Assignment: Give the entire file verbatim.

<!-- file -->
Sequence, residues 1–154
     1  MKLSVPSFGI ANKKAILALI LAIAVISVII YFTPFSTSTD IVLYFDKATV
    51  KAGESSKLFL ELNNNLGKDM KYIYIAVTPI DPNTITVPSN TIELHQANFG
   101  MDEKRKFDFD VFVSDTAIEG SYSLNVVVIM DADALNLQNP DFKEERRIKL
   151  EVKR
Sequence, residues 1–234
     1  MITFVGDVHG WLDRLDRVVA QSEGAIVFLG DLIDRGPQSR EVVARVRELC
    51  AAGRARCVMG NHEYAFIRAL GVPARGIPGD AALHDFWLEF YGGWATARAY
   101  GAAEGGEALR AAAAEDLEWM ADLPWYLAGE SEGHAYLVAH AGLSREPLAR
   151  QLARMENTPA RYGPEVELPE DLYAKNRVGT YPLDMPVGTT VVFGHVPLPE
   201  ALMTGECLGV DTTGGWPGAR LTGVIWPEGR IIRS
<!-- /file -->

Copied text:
Sequence, residues 1–154
     1  MKLSVPSFGI ANKKAILALI LAIAVISVII YFTPFSTSTD IVLYFDKATV
    51  KAGESSKLFL ELNNNLGKDM KYIYIAVTPI DPNTITVPSN TIELHQANFG
   101  MDEKRKFDFD VFVSDTAIEG SYSLNVVVIM DADALNLQNP DFKEERRIKL
   151  EVKR
Sequence, residues 1–234
     1  MITFVGDVHG WLDRLDRVVA QSEGAIVFLG DLIDRGPQSR EVVARVRELC
    51  AAGRARCVMG NHEYAFIRAL GVPARGIPGD AALHDFWLEF YGGWATARAY
   101  GAAEGGEALR AAAAEDLEWM ADLPWYLAGE SEGHAYLVAH AGLSREPLAR
   151  QLARMENTPA RYGPEVELPE DLYAKNRVGT YPLDMPVGTT VVFGHVPLPE
   201  ALMTGECLGV DTTGGWPGAR LTGVIWPEGR IIRS